So, I found out why the Table Mound Trail is repeatedly mentioned as one of Kansas’ best trails.
Challenging, but doable – check!
Easily accessible – check!
Family-friendly – check!
Great location – check!
Nice length – check!
Stunning scenery – CHECK!!!
It really does seem to have it all, especially for those who don’t want a super-long hike.
The 2 ½-mile trail begins in Elk City State Park, a real gem of a campground with shaded sites, beach, great fishing and simple access to one of the most unheralded reservoirs in Kansas.
Table Mound Trail started lakeside, with some great views as I paralleled the shoreline before meandering up towards one of the highest ridges in southeast Kansas. Higher and higher the trail wound through a perfect example of mature oak and hickory forest. But the real jems of the trek were at the end of the trail, at the top of the rock-studded ridge.
Some of the rocks atop the ridge were literally bigger than places I lived in college. Through the eons gravity had tugged some enough to create passages so narrow I was glad I had burned off a quite a bit of breakfast on the climb up.
As if the strain of that climb wasn’t enough to make me want to stop for a rest, I didn’t want to rush through the rock formations. Many were covered in huge tapestries of velvety moss and lichens. In the spring, I’m sure delicate columbine flowers sprout, miraculously, from hairline fractures in the stone. The region is famous for its redbud jungles, usually in early April.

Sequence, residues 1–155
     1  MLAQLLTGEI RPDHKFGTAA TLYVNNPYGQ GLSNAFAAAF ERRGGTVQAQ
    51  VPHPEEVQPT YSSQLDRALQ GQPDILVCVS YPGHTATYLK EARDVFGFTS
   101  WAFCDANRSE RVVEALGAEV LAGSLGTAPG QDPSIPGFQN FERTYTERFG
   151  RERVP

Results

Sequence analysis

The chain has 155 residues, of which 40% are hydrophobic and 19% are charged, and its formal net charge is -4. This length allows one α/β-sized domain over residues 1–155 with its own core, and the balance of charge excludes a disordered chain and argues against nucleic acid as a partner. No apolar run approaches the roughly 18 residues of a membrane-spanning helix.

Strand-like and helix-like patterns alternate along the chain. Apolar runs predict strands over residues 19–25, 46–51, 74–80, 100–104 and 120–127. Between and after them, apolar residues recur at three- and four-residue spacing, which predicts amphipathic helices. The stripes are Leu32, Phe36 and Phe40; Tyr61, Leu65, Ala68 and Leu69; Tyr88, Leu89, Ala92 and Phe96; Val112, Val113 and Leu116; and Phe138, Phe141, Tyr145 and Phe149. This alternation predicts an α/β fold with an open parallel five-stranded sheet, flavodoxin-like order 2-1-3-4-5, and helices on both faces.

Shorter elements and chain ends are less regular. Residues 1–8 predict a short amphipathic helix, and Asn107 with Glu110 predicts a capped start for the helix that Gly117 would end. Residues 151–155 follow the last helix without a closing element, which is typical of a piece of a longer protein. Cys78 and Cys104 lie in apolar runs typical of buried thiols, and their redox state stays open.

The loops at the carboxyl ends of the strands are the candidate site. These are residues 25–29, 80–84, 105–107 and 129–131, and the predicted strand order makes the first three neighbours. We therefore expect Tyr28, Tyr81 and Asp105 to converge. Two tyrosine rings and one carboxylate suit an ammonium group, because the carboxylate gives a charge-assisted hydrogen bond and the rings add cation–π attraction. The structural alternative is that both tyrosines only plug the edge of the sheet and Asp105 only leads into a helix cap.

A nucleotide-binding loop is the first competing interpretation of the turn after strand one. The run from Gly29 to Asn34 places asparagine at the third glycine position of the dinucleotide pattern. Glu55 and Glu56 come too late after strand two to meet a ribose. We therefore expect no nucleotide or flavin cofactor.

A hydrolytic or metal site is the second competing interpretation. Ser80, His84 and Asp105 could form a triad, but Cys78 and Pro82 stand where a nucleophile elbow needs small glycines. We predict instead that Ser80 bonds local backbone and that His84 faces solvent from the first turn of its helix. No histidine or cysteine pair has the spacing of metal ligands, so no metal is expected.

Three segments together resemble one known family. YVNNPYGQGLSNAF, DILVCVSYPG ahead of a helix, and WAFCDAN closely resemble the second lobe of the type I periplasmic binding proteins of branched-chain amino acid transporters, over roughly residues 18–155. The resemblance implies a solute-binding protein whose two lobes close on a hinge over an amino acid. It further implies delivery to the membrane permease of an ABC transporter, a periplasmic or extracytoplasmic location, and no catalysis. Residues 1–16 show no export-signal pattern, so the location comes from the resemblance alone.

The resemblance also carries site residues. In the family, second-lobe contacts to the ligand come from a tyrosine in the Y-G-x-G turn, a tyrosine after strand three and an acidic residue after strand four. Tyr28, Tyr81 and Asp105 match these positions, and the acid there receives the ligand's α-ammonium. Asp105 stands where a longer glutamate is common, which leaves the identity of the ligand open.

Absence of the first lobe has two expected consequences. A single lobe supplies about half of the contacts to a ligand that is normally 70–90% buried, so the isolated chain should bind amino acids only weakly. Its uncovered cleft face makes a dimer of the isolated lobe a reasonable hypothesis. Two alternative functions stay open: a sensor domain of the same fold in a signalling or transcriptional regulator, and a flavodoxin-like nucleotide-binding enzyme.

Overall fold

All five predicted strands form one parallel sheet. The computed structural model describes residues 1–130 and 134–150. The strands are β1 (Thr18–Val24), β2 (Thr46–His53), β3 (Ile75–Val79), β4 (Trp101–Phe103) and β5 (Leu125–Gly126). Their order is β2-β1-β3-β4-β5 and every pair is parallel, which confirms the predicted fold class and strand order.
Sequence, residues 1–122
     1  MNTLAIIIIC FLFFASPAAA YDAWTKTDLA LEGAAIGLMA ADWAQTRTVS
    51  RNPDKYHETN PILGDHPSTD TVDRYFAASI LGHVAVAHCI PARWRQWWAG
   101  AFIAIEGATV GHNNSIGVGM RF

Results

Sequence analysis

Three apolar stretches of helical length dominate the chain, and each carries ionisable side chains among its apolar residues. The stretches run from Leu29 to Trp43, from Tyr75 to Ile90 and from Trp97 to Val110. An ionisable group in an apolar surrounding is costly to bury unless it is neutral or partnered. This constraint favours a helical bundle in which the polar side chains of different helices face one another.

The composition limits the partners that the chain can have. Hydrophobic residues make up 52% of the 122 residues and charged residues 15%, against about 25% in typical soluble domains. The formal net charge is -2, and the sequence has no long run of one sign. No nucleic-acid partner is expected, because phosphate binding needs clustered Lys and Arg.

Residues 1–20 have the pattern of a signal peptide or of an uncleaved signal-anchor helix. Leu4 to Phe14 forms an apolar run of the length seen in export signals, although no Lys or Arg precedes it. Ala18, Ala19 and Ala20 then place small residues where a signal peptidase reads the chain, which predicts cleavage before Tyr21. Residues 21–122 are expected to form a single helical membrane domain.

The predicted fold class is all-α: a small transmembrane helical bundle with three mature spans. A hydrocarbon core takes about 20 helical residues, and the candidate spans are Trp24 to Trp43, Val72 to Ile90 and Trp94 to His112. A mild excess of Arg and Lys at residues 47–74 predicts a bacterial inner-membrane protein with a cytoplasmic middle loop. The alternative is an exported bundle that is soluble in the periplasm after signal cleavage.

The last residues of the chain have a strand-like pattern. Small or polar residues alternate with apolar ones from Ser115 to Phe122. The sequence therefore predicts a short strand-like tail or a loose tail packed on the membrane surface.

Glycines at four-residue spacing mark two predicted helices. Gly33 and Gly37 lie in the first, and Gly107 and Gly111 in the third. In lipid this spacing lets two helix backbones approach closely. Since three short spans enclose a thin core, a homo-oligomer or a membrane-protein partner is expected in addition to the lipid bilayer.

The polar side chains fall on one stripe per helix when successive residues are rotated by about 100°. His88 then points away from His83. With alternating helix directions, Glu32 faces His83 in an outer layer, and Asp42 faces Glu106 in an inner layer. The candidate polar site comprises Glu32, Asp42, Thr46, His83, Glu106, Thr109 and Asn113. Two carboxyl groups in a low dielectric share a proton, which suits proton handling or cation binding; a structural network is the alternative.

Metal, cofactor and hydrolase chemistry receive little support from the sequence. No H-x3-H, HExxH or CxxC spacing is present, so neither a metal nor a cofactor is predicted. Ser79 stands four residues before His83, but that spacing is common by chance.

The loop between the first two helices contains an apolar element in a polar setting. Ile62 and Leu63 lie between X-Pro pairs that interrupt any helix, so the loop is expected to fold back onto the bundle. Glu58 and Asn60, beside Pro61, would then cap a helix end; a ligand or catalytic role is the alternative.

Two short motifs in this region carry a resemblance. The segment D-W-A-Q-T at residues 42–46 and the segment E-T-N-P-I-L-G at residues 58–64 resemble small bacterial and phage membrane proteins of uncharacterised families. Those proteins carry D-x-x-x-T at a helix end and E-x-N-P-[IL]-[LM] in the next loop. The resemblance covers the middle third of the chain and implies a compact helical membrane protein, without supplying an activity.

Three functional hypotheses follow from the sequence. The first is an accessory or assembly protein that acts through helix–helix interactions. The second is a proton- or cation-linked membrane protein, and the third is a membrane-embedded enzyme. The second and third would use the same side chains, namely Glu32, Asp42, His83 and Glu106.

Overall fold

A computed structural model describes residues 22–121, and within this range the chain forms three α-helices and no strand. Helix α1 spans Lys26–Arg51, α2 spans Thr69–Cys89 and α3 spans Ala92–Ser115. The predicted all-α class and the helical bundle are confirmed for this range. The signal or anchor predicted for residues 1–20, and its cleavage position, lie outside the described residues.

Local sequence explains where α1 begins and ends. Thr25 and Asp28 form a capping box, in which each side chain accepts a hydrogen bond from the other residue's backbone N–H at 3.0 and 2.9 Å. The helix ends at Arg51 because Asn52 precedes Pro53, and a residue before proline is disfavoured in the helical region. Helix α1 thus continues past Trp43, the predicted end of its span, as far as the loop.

The entire jumble of giant boulders is a great, natural playground for kids, but adults need to supervise where they climb. There are some loose rock slides in a few places, and many of the boulders are tall enough a fall could lead to injury. There are still plenty of safe places.
People who want to just experience the ridge can actually drive and park in a lot atop the hill, and find a way to drop down into the giant rocks. A pick-up vehicle could also be dropped up at the same parking lot for those who don’t want to descend the trail back to the state park. Some enterprising hikers have left bikes padlocked and chained at the parking lot.
That way after climbing the trail they can use their bikes to glide back to the trail head in Elk City State Park.
Thanks to the trails modest length I had plenty of time to explore the park. There was no shortage of great campsites. Even if a day-tripper, there seemed plenty of places for picnics. A shower as soon as exited the trail would have felt refreshing and minimized the chances of later dealing with chiggers or a tick. Wish I’d have thought of it at the time.
It might also help someone get refreshed enough to tackle other trails near Elk City State Park. It’s a great place to base from for a full weekend of great Kansas hiking!
Next, the famous Elk River Trail!